Per the terms of the agreement, H3 Biomedicine will hold anexclusive option to acquire ownership of all program assets and intellectualproperty relating to each of the target programs, excluding Horizon backgroundintellectual property. Horizon in turn will retain commercial rights for anytarget program that H3 Biomedicine does not option, and will receive an initialupfront investment as well as milestone payments if certain preclinical andclinical goals are met. No additional financial details were disclosed.
"Horizon and H3 Biomedicine share a common belief thatsystematically validating mutant genes with clear roles in cancer evolution mayhelp yield rapidly translatable targets and drugs with greater clinicalsignificance," Darrin M. Disley, CEO of Horizon, said in a press release.
Horizon will work with H3 Biomedicine to performtarget-validation studies to identify cancer genome targets that are ideal formodulation. H3 will be responsible for early target discovery throughpreclinical research, and Horizon will make use of its drug discovery tools tosupport the discovery biology. The collaboration aims to make possible rapiddecisions on whether or not novel targets should be advanced to development. Ifany clinical trials result, they will be conducted by Eisai Inc., a partner ofH3 Biomedicine.
"The successful development of new personalized medicinesdepends upon well-validated and characterized targets and clearly definedpatient populations," Dr. Markus Warmuth, president and CEO of H3, said in apress release. "High attrition rates in clinical trials have been impactingindustry for a while. We believe that clinical success starts at targetselection and validation. We have elected to work with Horizon because theirtools will enable H3 Biomedicine to progress toward identifying the bestpossible targets for new drugs with the power to have meaningful therapeuticrelevance. That may help us to increase clinical success rates and expedite thedelivery of new therapies to the patients who need them."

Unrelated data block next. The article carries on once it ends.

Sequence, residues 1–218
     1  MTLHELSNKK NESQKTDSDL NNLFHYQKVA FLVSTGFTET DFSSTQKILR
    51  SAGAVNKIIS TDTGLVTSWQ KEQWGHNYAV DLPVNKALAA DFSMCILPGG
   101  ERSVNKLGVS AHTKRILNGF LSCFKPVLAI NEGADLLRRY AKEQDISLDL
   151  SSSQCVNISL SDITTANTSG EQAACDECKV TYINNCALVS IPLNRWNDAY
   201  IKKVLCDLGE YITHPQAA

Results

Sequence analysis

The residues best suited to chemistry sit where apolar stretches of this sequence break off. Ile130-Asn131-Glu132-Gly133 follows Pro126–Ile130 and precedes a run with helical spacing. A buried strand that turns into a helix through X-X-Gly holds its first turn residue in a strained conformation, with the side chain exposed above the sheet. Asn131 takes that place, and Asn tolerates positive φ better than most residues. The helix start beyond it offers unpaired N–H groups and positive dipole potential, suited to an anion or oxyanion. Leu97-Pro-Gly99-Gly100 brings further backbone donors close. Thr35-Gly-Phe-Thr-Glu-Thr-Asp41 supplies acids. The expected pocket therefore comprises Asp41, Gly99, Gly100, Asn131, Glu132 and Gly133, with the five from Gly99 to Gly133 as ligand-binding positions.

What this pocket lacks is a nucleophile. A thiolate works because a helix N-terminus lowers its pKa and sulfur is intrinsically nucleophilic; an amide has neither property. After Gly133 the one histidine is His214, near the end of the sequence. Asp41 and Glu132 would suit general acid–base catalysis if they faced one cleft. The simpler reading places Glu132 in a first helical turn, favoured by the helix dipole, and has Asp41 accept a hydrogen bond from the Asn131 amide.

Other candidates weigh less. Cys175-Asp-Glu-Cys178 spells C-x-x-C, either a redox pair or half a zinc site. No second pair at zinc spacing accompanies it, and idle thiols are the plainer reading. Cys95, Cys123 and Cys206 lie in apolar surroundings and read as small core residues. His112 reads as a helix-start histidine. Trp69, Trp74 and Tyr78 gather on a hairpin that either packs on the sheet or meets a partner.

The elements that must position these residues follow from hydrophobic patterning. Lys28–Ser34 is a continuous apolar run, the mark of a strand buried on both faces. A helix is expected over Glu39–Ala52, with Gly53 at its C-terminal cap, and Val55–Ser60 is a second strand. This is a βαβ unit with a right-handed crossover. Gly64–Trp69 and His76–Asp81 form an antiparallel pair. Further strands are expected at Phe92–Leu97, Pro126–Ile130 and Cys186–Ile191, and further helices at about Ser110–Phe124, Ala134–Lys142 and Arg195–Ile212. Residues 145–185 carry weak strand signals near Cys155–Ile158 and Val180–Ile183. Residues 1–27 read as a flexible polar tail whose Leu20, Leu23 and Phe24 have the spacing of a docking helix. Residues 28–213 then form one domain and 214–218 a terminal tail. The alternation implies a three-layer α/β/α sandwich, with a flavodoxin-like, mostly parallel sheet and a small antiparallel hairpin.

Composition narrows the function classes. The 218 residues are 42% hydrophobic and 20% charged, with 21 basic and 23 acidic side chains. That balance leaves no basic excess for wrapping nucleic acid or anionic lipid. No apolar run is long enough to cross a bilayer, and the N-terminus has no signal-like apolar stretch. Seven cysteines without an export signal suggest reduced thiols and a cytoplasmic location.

The collaboration combines very specific and tailored skillsfrom the two companies. Horizon brings with it its proprietary GENESIS genomeediting technology, with which it can alter any endogenous gene sequence incells lines and has created over 400 X-MAN genetically defined andpatient-relevant human cell lines. The cells lines enable accurate modeling ofdisease-causing mutations in cancer patients. H3 Biomedicine specializes in thediscovery and development of cancer therapeutics, with experience in cancergenomics and chemical synthesis.
Both companies are hopeful that by starting with morefocused and in-depth target validation in the early phases of development,there can be a greater assurance of clinical success down the road.
"The industry has been doing drug discovery and targetdiscovery in certain ways in the past, but not being terribly fruitful. So H3has been set up and is driven by people that really want to break out of themold by doing drug discovery in a different way," says Dr. ChristopherTorrance, chief scientific officer of Horizon.
"The principles and the ethicsof doing that are very similar to why Horizon started, so we felt that therewas a lack of good patient-relevant disease models out there and that was onefactor in why drug discovery is so expensive."
He adds that H3 Biomedicine believes that spending the timeat the outset "to do the biological validation properly" and choose the righttarget can lead to a faster drug discovery process. There is a limited proof ofconcept, Torrance notes, but enough of one that "when you choose the righttarget, get a good drug to it and you get it in the right patient, you followthat paradigm," it could be possible to break out of the "15-year, $1 billion …metric in the industry."
"We're not the only group that has come to realize thattarget validation is very important … we believe that success in the clinicstarts with very solid target validation, and obviously the strategy that we'repursuing here will lead to insights and a level of confidence early on thattranslates into clinical success, but yes, we have to prove ourselves right,"says Warmuth.